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HETHER Heroick Verse ought to be admitted into serious plays, is not now to be disputed : it is already in possession of the stage ; and I dare confidently affirm, that very few tragedies, in this age, shall be received without it. All the arguments which are formed against it, can amount to no more than this,—that it is not so near
* This Essay was originally prefixed to our author's CONQUEST OF GRANADA, which was first published in 1672. That play, however, appears to have been first acted in the year 1670; for the author in the Epilogue to the First Part, tells the audience, that he had not yet attained his fortieth year. He was born in August 1621. In the Preface to The Mock AstroLOGER, which appeared in 1671, as we have already seen, he mentions THE CONQUEST OF GRANADA, as having been previously acted, though not then published.
3 Dryden, says Gildon, (Laws of Poetry, 8vo. 1721, p. 65,) “ was so fond of rhyme, that he brought it upon the stage, and established it so far by his success, that he ventured in one of his prefaces to say that it had now so
conversation as prose ; and therefore not so natural. But it is very clear to all who understand poetry, that serious plays ought not to imitate conversation too nearly. If nothing were to be raised above that level, the foundation of poetry would be destroyed. And if you once admit of a latitude, that thoughts may be exalted, and that images and actions may be raised above the life, and described in measyre without rhyme, that leads you insensibly from your own principles to mine : you are already so far onward of your way, that you have forsaken the imitation of ordinary converse ; you are gone beyond it; and, to continue where you are, is to lodge in the open field, betwixt two inns. You have lost that which you call natural, and have not acquired the last perfection of art. But it was only custom which cozened us so long : we thought, because Shakspeare and Fletcher went no farther, that there the pillars of poetry were to
strong possession of the stage, that he durst prophecy no play would take without it; and yet he saw in less than a year's time that scarce any play could be received with it. This change was caused not only by The REHEARSAL, but also by several admirable reflections in this Essay." [The Essay on Poetry by the Earl of Mulgrave.]-With respect to the effect of that Essay, he is not quite correct; for it could not have co-operated with THE REHEARSAL in discrediting rhyme at the period mentioned, not having been published till about ten years afterwards. See Wood's ATH. Oxon. ii, (Fasti) col. 223.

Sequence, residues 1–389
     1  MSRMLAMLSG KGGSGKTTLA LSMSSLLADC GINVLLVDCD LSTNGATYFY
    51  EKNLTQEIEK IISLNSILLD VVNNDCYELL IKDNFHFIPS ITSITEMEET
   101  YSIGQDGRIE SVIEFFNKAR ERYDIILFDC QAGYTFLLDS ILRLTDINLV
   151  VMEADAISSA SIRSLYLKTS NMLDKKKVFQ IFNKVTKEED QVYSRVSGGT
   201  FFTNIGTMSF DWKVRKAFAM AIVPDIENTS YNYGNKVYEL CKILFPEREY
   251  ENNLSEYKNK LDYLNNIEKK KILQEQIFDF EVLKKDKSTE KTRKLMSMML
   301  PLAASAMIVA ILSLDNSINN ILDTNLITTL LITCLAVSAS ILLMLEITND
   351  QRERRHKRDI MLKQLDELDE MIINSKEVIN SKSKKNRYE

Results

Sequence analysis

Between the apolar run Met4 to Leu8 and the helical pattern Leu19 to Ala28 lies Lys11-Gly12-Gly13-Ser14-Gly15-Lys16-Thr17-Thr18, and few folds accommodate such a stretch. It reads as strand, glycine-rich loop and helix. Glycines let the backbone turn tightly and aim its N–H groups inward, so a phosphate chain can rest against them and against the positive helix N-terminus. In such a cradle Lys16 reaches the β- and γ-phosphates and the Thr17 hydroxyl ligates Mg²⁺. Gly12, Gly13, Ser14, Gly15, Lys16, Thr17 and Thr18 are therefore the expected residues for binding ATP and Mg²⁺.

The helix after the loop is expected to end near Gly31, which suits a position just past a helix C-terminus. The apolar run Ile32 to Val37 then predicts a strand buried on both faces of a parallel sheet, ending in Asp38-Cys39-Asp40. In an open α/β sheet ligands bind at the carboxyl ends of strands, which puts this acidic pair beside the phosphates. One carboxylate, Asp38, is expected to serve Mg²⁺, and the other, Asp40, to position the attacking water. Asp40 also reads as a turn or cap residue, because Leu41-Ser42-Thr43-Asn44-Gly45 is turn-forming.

be erected; that, because they excellently described passion without rhyme, therefore rhyme was not capable of describing it. But time has now convinced most men of that errour. It is indeed so difficult to write verse, that the adversaries of it have a good plea against many who undertake that task, without being formed by art or nature for it. Yet, even they who have written worst in it, would have written worse without it: they have cozened many with their sound, who never took the pains to examine their sense. In fine, they have succeeded ; though it is true, they have more dishonoured rhyme by their good success, than they could have done by their ill. But I am willing to let fall this argument: it is free for every man to write, or not to write, in verse, as he judges it to be or not to be his talent; or as he imagines the audience will receive it.
For Heroick Plays, in which only I have used it without the mixture of prose,) the first light we had of them on the English Theatre was from the late Sir William D'Avenant. It being forbidden him in the rebellious times to act tragedies and comedies, because they contained some matter of scandal to those good people, who could more easily dispossess their lawful sovereign, than endure a wanton jest, he was forced to turn his thoughts another way, and to introduce the examples of moral virtue, writ in verse, and performed in reci